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Ikea Enlists Distinguished Group of African Creatives To Design Its New Collection

The Swedish retail store has commissioned a renowned group of African creatives to design its 2019 flagship collection.

The next time you psych yourself up to take the day-long trip to Ikea, you may be delighted to find furniture and home goods created by African designers lining its never-ending shelves.


The Swedish retail giant, which owns 392 stores across 48 countries, has enlisted a noteworthy group of creatives from the African continent to produce its 2019 flagship collection.

The collaboration came about after, Marcus Engman, Ikea's Head of Design, and Ravi Naidoo, founder of Design Inbada—an annual conference for African designers— met to discuss and map-out a plan to spotlight the work of African architects, illustrators and designers, through Ikea's global platform, CNN International reports.

"The creative explosion which is taking place in several cities around Africa right now is something IKEA is curious about. We want to learn from this and spread it to the rest of the world," said Engman.

While it might seem like Ikea is simply hopping on the "Africa is now" bandwagon, many in the creative community recognize the benefits of the partnership for the African artists involved.

For locally based designers, the project is a way to garner international recognition, and promote an "African aesthetic" on global markets.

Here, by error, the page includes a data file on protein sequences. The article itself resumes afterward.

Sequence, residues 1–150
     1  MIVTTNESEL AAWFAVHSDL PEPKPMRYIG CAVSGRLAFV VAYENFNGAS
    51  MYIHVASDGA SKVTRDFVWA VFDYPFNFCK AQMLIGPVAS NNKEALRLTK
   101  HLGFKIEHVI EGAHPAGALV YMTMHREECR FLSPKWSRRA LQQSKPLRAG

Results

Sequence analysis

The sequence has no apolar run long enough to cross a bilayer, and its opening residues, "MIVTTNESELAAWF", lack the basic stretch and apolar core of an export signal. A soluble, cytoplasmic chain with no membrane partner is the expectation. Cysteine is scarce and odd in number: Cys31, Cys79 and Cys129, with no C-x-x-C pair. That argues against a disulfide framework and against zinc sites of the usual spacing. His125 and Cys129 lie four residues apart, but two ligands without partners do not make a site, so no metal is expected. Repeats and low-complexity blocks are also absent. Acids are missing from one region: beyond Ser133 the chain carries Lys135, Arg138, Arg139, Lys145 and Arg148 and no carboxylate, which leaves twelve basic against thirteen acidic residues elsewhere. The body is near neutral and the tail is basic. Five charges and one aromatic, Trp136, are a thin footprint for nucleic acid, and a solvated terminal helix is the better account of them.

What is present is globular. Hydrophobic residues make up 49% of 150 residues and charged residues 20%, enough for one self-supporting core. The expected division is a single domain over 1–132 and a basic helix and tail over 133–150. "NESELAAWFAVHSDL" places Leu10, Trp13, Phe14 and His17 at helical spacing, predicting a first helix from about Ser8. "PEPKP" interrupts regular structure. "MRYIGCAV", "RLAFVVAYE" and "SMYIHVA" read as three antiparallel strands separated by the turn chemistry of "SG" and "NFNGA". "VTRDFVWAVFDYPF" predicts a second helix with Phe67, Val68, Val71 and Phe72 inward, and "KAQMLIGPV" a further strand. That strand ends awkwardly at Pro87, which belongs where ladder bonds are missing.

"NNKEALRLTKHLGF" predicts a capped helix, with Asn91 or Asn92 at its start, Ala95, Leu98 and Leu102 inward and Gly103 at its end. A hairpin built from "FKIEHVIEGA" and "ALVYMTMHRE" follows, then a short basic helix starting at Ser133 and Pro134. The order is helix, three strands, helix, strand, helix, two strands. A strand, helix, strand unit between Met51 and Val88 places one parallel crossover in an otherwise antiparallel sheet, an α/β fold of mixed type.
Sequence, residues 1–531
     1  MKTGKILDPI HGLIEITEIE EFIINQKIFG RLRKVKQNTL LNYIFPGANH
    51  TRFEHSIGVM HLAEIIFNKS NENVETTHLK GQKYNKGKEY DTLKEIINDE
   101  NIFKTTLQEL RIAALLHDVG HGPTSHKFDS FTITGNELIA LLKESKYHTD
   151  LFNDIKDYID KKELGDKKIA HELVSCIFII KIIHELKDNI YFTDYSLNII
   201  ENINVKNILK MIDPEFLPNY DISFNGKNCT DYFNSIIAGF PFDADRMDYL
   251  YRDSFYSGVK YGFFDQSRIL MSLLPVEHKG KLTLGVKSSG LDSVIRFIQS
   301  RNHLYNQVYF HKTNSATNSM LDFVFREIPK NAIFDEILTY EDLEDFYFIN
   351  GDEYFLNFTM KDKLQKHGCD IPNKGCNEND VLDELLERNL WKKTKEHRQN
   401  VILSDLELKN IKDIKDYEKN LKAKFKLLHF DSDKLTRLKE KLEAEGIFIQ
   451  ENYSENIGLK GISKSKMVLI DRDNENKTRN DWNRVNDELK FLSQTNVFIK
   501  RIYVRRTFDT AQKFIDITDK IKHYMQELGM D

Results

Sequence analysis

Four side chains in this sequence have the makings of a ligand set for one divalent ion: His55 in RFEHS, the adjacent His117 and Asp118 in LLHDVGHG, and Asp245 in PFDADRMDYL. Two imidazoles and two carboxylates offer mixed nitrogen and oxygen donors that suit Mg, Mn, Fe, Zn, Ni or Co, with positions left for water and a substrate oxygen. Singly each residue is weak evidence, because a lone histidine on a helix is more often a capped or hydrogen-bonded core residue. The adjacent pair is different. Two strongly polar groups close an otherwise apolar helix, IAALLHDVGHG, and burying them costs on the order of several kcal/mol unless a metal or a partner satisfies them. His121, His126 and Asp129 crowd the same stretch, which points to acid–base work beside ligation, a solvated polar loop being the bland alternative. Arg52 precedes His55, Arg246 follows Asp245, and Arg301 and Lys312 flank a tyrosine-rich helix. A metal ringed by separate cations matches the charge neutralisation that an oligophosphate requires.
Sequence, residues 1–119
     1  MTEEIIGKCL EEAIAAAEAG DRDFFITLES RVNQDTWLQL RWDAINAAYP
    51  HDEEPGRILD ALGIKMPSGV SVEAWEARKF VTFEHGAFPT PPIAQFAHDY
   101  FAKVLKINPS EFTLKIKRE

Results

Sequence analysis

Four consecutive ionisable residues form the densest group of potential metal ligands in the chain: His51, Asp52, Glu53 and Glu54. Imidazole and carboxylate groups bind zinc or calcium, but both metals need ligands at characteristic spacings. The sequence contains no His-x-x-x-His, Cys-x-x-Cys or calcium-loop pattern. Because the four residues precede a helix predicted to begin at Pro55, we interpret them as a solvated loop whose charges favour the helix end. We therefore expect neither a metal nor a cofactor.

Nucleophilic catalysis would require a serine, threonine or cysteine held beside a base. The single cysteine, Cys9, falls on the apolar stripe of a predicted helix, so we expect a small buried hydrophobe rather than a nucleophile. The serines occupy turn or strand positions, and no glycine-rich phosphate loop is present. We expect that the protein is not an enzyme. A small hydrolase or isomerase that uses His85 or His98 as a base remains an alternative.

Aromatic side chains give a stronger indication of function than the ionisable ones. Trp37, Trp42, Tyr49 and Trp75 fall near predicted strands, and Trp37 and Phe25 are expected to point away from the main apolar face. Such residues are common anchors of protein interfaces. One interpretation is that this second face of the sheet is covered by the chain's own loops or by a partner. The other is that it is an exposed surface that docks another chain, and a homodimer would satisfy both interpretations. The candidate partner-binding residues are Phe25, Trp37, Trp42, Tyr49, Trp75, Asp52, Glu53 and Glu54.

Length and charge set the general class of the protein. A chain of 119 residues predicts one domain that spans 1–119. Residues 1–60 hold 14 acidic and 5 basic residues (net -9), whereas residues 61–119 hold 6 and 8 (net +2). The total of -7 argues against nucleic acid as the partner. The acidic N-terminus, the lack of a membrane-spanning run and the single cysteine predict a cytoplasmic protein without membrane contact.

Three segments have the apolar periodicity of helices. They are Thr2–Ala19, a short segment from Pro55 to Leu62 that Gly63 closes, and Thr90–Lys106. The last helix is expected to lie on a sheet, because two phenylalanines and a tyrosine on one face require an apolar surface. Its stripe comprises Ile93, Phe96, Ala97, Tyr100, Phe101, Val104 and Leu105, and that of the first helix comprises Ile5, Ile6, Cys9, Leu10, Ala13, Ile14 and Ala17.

"Japanese minimalism once inspired a lot of design projects and the philosophy permeated the design community. Certain approaches in many urban African environments could benefit or contaminate the international world of design," said Ivorian architect, Issa Diabate.

Preliminary designs will be on display at the 22nd  Design Indaba conference in Cape Town, and will feature the work of renowned Rwandan architect, Christian Benimana and Senegalese fashion designer Selly Raby Kane, to name a few.

The full collection hits stores in 2019.

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Photo Credit: Getty Images

Global Citizen x OkayAfrica: The Impact of Conflict on Children

An estimated 1.4 million children have been hit by schools closing in the Tigray region of Ethiopia amid conflict and crisis. Here's how that's impacting Ethiopia's children.

In times of conflict and war, school-aged children could have their futures defined by whether or not they can access education amid ongoing violence.

Ethiopia's northern region of Tigray is in the midst of a war that has impacted millions of lives and affected neighboring regions, Amhara and Afar. The war — which has forced citizens to flee, has tipped the region into famine, and has barricaded humanitarian aid from reaching the most vulnerable — has now been going on for about 11 months.

As the beginning of the school season draws nearer, safely reopening schools, making education accessible, and protecting children from the impacts of violence in the affected regions is a priority for aid agencies.

"As schools prepare to reopen in early October in most parts of the country, in Tigray and the bordering regions of Afar and Amhara, where the conflict has expanded, education remains at a standstill," Director of Education Cannot Wait, Yasmine Sherif, told Global Citizen.

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